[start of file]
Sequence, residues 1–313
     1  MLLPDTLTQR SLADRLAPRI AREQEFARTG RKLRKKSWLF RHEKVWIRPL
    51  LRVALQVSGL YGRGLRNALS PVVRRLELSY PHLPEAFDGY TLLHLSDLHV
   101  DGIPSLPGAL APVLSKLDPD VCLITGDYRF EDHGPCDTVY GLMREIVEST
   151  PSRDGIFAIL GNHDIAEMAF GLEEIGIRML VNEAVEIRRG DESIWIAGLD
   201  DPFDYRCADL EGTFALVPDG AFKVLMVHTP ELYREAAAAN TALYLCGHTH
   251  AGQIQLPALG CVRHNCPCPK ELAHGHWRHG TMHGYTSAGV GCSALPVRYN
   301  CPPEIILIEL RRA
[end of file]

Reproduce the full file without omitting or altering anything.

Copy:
Sequence, residues 1–313
     1  MLLPDTLTQR SLADRLAPRI AREQEFARTG RKLRKKSWLF RHEKVWIRPL
    51  LRVALQVSGL YGRGLRNALS PVVRRLELSY PHLPEAFDGY TLLHLSDLHV
   101  DGIPSLPGAL APVLSKLDPD VCLITGDYRF EDHGPCDTVY GLMREIVEST
   151  PSRDGIFAIL GNHDIAEMAF GLEEIGIRML VNEAVEIRRG DESIWIAGLD
   201  DPFDYRCADL EGTFALVPDG AFKVLMVHTP ELYREAAAAN TALYLCGHTH
   251  AGQIQLPALG CVRHNCPCPK ELAHGHWRHG TMHGYTSAGV GCSALPVRYN
   301  CPPEIILIEL RRA